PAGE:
Read time: 6 minutes

Does diversity help with weed control and herbicide resistance?

with Ken Flower, Senior Lecturer, The University of Western Australia School of Agriculture and Environment

Back in 2006, the WA No-Tillage Farmers Association (WANTFA) wanted to investigate the long-term effect of different farming ‘philosophies’ and residue management on factors affecting crop profitability, including yield, moisture storage, soil nutrients, weeds and disease.

With co-investment from the GRDC, WANTFA engaged Dr Ken Flower, now a senior lecturer at the UWA School of Agriculture and Environment, to establish and monitor a large-scale, long-term farming systems trial.

“This trial has been running for 12 years now and we have been able to measure the effect of four farming systems with different levels of crop diversity in 3-year rotations,” says Dr Flower. “The least diverse system is monoculture wheat, next is continuous cereal rotation, third is a cereal / legume / brassica rotation. The fourth system is farmer-designed and follows a cereal / cereal / break crop (or fallow) rotation.”

Since 2007, Dr Ken Flower, UWA has been managing a long-term farming systems trial in Cunderdin WA that is demonstrating how diversity in weed control tactics is essential across any crop rotation cycle.

“An important feature of this trial is that there is built-in flexibility in the design that allows us to respond to any build up in weeds. Every three years we decide on the best combination of crops, varieties and available technologies that are compatible with each farming philosophy treatment for the next 3-year rotation.” 

Having now completed 12 seasons of the trial on an alkaline red sandy clay loam at Cunderdin WA, the weed pressure is considerably higher in the monoculture wheat treatment while all other treatments have allowed more diverse and effective weed control programs to be implemented using herbicide mixing and rotation, crop tolerance technologies and harvest weed seed control.

Has increased crop diversity helped control weeds?

Short answer: Yes, with more weed control strategies available in a diverse system it is easier to keep weed numbers low.

Longer answer: In the monoculture wheat, it didn’t take long for grass weeds to build up in numbers. The main weed species at the site have been wild oats, brome, rye and barley grasses. There are limited herbicide options in the monoculture, except rotating between registered MOA for wheat, although the recent inclusion of Clearfield wheat in the rotation has been very effective. The wheat variety sown has changed over time to reflect improvements in plant breeding.

In the continuous cereal treatment, including barley as a more competitive crop at least once every three years has helped keep weed numbers lower.

Were broadleaf crops an effective weed control measure in the more diverse treatments?

Short answer: Yes and no.

Longer answer: Roundup Ready canola has been a very effective tool in the diverse farming systems. The legumes have been a weak link in the rotation in terms of weed control. Narrow leaf lupins were initially used in the legume phase and then the switch was made to field peas. Field peas have the distinct advantage of being sown at a later date, allowing better knockdown weed control after the breaking rain but before seeding. Chickpea and albus lupin have also been used, but it has not been possible to overcome the tendency for weeds to build up in the legume phase.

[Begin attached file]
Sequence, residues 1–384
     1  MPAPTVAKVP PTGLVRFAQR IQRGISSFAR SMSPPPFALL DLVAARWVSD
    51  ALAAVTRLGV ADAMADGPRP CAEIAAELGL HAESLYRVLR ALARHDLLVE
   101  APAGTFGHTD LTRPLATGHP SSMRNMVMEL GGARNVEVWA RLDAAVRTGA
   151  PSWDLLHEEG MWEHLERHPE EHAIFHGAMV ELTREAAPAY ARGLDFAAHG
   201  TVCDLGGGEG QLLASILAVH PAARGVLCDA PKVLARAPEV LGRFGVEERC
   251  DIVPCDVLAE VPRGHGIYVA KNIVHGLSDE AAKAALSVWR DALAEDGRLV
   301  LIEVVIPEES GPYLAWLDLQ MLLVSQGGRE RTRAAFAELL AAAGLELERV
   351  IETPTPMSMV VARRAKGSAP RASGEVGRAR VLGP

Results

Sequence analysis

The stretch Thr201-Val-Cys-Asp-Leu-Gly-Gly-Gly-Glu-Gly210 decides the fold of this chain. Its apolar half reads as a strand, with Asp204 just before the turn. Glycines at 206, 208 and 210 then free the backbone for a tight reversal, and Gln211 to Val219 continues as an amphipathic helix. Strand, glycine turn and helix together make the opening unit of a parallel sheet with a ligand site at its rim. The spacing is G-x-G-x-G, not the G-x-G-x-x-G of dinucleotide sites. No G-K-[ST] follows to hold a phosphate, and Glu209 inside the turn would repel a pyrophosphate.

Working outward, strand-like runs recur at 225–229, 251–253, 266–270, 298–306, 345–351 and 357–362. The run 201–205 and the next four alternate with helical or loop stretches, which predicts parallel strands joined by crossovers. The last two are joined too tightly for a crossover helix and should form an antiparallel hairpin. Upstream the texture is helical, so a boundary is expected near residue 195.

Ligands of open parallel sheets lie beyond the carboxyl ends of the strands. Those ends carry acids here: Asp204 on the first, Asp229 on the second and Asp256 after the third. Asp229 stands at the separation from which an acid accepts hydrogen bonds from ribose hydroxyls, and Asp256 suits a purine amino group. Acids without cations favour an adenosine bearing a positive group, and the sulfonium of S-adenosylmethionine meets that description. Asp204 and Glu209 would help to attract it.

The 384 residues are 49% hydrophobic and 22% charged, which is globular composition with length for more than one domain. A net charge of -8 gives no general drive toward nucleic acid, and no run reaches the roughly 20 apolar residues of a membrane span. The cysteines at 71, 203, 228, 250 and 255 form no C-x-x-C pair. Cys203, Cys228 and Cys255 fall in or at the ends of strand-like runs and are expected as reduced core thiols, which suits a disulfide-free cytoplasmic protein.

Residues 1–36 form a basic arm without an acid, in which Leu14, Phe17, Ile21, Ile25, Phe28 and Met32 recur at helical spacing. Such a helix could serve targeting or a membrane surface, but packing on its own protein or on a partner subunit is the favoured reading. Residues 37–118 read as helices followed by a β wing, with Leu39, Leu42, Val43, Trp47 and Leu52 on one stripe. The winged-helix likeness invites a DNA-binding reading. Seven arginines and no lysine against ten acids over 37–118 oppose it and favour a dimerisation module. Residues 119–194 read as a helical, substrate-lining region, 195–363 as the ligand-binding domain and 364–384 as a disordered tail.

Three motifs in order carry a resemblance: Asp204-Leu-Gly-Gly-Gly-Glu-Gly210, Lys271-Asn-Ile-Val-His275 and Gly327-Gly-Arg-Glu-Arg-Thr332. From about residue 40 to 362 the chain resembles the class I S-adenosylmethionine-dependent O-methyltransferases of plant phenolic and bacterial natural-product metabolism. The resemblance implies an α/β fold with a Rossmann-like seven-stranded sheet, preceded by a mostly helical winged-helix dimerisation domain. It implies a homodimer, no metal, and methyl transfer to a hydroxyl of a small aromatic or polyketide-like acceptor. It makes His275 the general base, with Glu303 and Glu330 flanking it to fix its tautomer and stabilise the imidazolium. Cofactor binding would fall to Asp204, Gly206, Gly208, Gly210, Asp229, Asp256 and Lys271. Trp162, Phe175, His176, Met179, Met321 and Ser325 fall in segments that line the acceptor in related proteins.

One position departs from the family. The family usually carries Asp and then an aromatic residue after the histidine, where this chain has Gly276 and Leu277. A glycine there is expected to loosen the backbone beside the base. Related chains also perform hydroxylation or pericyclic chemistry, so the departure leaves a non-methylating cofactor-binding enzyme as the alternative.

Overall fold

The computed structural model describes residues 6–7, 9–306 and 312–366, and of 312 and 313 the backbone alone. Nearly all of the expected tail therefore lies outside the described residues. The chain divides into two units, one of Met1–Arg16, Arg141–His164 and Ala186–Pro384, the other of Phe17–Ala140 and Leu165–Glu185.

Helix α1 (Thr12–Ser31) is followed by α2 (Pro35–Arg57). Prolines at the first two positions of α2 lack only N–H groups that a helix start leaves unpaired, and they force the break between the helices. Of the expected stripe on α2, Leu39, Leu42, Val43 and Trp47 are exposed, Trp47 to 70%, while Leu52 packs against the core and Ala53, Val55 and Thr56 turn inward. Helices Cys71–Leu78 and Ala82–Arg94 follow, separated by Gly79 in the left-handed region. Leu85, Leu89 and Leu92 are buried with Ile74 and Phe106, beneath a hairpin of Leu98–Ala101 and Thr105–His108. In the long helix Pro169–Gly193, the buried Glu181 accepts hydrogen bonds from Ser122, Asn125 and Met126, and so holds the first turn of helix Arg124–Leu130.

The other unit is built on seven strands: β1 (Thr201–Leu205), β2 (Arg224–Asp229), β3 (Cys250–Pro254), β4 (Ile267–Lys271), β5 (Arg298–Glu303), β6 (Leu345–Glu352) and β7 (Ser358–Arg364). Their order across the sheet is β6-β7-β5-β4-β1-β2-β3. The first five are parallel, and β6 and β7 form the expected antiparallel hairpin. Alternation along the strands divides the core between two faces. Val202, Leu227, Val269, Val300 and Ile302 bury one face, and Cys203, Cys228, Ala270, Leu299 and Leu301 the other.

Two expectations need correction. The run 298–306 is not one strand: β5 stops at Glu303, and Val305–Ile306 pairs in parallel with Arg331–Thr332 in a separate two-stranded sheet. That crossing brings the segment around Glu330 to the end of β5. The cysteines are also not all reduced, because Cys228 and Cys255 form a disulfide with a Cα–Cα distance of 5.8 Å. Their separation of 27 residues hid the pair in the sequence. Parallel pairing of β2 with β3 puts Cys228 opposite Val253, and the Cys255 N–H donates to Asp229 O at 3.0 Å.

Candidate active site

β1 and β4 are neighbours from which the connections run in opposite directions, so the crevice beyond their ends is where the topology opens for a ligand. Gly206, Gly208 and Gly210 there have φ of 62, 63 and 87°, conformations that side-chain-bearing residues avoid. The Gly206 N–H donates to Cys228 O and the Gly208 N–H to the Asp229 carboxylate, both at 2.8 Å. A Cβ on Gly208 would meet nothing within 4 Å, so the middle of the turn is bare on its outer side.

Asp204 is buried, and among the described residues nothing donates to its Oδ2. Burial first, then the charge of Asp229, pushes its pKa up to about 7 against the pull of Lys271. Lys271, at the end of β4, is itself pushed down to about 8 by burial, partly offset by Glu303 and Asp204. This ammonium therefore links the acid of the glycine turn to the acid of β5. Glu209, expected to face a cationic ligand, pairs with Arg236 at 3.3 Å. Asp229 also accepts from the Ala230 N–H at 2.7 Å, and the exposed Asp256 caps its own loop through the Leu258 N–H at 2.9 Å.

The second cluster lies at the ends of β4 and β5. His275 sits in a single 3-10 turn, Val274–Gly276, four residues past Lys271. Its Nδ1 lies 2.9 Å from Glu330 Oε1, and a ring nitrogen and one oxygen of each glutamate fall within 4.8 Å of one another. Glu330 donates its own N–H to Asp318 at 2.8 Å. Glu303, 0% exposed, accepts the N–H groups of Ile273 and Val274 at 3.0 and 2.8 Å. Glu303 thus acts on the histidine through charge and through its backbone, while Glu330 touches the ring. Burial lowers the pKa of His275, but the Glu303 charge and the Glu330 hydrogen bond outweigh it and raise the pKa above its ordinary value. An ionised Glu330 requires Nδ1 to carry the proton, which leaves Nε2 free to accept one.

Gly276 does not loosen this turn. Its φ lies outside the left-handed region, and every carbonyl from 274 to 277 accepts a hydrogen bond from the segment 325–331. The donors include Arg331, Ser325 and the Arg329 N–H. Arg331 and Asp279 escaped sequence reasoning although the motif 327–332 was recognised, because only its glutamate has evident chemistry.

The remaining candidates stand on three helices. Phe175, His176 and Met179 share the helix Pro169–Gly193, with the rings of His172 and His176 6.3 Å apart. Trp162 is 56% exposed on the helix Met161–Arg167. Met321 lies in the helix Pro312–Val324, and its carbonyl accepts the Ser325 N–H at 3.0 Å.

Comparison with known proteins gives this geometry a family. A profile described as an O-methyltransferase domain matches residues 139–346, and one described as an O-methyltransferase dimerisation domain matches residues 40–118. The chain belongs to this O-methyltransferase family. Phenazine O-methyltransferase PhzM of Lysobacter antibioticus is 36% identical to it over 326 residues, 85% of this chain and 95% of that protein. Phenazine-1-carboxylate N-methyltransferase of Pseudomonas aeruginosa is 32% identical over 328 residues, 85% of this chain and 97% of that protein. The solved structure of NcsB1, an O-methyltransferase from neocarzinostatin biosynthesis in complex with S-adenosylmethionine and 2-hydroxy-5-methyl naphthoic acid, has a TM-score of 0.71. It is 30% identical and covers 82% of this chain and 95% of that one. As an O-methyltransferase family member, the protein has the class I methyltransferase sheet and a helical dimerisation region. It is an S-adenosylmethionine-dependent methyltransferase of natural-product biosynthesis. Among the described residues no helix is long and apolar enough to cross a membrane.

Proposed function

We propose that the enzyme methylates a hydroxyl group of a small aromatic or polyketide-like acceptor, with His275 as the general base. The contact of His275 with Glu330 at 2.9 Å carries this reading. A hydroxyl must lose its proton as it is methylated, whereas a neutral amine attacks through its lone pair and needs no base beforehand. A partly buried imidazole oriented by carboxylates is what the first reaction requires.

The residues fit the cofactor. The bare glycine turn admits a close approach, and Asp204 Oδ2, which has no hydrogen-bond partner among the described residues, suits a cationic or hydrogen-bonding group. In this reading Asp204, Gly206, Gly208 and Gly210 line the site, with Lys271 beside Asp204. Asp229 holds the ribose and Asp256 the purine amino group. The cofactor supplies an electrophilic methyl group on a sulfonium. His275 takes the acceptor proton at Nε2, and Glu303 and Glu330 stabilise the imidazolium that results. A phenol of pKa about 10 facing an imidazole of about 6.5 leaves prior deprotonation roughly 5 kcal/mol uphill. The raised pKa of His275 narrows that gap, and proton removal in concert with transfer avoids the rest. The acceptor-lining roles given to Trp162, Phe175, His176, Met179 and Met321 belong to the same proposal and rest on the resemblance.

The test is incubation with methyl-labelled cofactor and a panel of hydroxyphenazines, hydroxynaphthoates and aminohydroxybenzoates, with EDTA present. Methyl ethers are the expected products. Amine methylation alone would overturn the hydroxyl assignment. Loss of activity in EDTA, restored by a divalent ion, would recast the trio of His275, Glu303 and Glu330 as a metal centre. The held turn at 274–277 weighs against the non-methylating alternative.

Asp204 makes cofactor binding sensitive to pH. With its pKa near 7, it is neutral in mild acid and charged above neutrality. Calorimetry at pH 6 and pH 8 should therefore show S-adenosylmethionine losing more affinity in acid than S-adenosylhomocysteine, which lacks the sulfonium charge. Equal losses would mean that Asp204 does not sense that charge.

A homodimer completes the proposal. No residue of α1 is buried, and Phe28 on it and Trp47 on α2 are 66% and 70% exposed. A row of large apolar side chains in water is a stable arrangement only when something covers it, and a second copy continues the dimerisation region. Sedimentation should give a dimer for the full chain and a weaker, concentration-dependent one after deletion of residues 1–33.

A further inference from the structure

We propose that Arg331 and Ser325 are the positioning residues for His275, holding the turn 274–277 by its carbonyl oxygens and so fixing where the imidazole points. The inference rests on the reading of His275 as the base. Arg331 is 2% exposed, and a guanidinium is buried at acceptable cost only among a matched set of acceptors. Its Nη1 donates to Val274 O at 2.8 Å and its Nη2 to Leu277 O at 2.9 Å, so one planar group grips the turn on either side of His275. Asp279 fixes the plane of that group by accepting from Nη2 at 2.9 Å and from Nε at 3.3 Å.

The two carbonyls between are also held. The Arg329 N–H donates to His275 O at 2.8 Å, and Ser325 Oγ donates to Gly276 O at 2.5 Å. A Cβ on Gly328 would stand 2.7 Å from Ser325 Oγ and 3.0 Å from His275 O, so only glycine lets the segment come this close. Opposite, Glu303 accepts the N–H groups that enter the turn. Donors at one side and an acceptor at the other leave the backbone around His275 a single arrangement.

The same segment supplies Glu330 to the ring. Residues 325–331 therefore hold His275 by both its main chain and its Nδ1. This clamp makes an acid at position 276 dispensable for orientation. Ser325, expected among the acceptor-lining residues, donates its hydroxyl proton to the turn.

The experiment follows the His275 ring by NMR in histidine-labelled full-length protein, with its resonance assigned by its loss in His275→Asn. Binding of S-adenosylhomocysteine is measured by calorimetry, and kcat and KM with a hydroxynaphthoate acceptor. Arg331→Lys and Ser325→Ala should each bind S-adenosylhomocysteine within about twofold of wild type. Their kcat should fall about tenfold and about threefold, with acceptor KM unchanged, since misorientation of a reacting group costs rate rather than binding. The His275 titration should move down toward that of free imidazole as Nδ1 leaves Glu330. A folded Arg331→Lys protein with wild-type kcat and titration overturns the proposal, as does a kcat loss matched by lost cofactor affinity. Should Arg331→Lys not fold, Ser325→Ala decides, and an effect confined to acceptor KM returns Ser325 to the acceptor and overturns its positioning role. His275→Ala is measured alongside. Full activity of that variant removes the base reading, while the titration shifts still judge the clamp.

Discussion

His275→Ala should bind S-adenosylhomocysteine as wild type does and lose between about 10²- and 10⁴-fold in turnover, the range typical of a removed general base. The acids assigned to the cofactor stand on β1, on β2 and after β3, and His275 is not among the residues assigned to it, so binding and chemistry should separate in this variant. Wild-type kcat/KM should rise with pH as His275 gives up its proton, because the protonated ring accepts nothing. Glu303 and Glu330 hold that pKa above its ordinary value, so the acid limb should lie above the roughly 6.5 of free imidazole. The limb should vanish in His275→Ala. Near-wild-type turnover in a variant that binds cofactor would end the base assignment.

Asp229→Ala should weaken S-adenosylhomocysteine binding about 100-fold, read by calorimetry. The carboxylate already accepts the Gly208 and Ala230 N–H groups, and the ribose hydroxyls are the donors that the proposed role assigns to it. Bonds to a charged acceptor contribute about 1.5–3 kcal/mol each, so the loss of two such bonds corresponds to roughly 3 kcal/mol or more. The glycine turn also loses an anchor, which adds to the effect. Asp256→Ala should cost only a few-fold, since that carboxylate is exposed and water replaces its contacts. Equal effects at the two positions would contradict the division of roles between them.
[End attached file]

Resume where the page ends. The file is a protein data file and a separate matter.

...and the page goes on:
The fallow in the farmer-designed rotation has been particularly effective at reducing weed numbers, but may have an impact on soil organic carbon, which we are looking at.

Has herbicide resistance evolved in any of the treatments since the trial started in 2007?

Short answer: Herbicide resistance testing has not been conducted during the trial.

Longer answer: There was known resistance in annual ryegrass to Group A herbicides so this has been taken into account when planning herbicide mixes. Throughout the trial researchers and WANTFA farmers have responded to weed pressures with the aim of keeping numbers low.

Did introducing narrow windrow burning (NWB) impact on weed numbers?

Short answer: Yes. The introduction of NWB has provided a distinct reduction in weed numbers in all treatments.

The recent addition of harvest weed seed control (narrow windrow burning in this case) has been very effective in driving down weed numbers, particularly in high risk rotations. 

Longer answer: Narrow windrow burning was introduced after the 2010 harvest mainly as a means of providing a low-stubble and high-stubble comparison for assessing soil moisture effects. One of the original research questions at the trial site was ‘how much stubble is optimal for profitable crop production?’ but there was not sufficient difference between the treatments so the decision was made to split the plots using narrow windrow burning to provide a low-residue treatment within each of the four farming systems.

Adding a non-herbicide weed control tactic to the trial design brought an immediate reduction in the NWB plots within each treatment. As expected with NWB over time, nutrients are concentrated in the windrow, creating uneven crop growth. This is exacerbated in a controlled traffic farming system, as the stubble in the narrow windrow is placed in the same position each year.

Figure 1. Total number of grass weeds in 2017 measured about 6 weeks after crop emergence in the cereal rotation, diverse rotation, wheat monoculture and farmer rotation. Windrow burning started after 2010 harvest. Note the monoculture has no windrow burning subplot and the farmer rotation has only windrow burn since 2010.
The rotations since 2010 have been: Cereal rotation – wheat / wheat / barley; Diverse rotation wheat /chickpea then albus lupin / RR canola; Monoculture wheat; Farmer rotation – wheat / barley / fallow.

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